Kaiser call centers under scrutiny

Following a complaint from a staff nurse, California regulators will investigate whether the health plan allowed untrained staff to offer medical advice.

By Emily Berry — Posted Feb. 4, 2009

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California's Dept. of Managed Health Care is investigating whether Kaiser Permanente allowed call center operators to offer medical advice to its members, in violation of state law.

The state investigation is in response to a complaint filed by a nurse who works for Kaiser, DMHC spokeswoman Lynne Randolph said.

"She was concerned that call agents may be providing more medically based information than she felt was appropriate," Randolph said. The complaint was received in July 2008, and the department followed up with interviews before launching an investigation, she said.

Randolph said investigators likely would visit a call center site in January as part of the inquiry.

DMHC fined Kaiser $3 million in August 2007 for failure to ensure adequate quality at its 29 California hospitals.

The state has received very few complaints about the call centers prior to this one, Randolph said.

The three regional call centers serve 3.3 million members who live in Northern California, Kaiser spokeswoman Gerri Ginsburg said.

"The immediate recording you get is, of course, 'if you're having a major emergency, hang up and call 911,' " she said.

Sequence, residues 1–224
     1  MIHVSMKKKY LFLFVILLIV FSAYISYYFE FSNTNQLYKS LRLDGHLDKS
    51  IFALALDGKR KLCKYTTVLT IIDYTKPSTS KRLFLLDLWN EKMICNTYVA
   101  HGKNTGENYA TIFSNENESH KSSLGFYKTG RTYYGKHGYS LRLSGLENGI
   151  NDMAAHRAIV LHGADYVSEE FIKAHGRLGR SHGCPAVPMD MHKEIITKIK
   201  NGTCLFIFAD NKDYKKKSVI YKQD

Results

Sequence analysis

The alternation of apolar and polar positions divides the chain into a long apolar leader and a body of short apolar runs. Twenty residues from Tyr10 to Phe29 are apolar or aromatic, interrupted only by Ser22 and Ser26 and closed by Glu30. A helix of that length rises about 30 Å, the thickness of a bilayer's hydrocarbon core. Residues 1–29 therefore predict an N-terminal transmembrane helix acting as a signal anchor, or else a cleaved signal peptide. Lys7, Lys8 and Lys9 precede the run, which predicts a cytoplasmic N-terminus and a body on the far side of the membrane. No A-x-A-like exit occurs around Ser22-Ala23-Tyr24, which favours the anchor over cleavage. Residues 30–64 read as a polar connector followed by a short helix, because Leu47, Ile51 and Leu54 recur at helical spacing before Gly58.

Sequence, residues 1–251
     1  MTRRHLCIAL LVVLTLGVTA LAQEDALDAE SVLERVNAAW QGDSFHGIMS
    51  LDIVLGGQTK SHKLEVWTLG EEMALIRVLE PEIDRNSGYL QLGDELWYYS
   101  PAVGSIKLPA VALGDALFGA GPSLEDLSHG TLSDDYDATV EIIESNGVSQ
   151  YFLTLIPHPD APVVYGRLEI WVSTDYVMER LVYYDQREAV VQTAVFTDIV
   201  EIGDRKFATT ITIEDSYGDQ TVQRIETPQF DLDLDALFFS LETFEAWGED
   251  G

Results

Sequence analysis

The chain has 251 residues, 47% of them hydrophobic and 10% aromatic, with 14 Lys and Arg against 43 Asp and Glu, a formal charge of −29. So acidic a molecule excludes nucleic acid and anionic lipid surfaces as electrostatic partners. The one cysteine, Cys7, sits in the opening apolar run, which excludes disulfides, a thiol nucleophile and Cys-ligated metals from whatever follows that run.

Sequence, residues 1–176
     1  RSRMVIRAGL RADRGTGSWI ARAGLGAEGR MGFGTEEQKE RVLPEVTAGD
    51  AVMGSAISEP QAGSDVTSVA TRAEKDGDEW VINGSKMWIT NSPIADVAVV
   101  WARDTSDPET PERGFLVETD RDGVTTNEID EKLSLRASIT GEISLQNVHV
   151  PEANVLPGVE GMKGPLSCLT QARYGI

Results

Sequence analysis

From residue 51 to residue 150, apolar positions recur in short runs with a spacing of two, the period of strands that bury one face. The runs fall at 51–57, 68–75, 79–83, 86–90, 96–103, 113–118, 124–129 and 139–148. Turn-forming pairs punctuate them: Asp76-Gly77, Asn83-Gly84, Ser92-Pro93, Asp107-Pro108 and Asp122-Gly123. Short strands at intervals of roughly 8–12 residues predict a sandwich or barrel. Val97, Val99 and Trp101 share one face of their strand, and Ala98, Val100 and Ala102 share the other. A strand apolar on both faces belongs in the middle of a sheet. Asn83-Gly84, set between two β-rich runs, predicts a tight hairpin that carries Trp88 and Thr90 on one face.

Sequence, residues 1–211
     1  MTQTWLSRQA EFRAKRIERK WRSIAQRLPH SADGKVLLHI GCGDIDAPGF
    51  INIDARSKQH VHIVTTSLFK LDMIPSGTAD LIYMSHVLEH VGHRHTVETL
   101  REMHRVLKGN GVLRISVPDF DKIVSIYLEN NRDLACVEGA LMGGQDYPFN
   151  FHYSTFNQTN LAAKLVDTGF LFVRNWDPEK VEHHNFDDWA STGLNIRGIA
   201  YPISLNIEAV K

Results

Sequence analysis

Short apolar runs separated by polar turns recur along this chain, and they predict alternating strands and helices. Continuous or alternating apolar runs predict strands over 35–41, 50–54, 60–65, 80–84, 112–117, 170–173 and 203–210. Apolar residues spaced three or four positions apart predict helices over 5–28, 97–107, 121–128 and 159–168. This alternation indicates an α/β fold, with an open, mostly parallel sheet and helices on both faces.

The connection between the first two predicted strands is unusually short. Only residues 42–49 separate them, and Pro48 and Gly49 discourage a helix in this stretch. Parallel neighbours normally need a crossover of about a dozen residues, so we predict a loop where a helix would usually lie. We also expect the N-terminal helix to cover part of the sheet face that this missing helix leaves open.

According to a statement from Kaiser, most of the calls the center handles are nonmedical. Operators help with appointment requests and questions about hours or directions to offices. Of the approximately 14 million calls the centers receive each year, between 25% and 30% are forwarded to nurses.

A state law passed in 2003 requires that health plans ensure that nonlicensed employees do not offer medical advice.

As part of determining whether Kaiser violated that law, the state will look at the scripts that nonlicensed call center employees use, Randolph said.

According to Kaiser, when a member calls with a medical problem, an operator reads from a script written by Permanente Medical Group staff physicians to figure out whether to forward the caller to a nurse to discuss the problem.

Ginsburg said there are 1,200 telephone service representatives and 800 nurses on staff at the centers, with more than 100 emergency physicians rotating on-call shifts for when nurses want further review.

The service representatives who answer calls must have a high school diploma or equivalent and a year of experience in customer service. They undergo four weeks of training followed by 90 days on probation, Ginsburg said.

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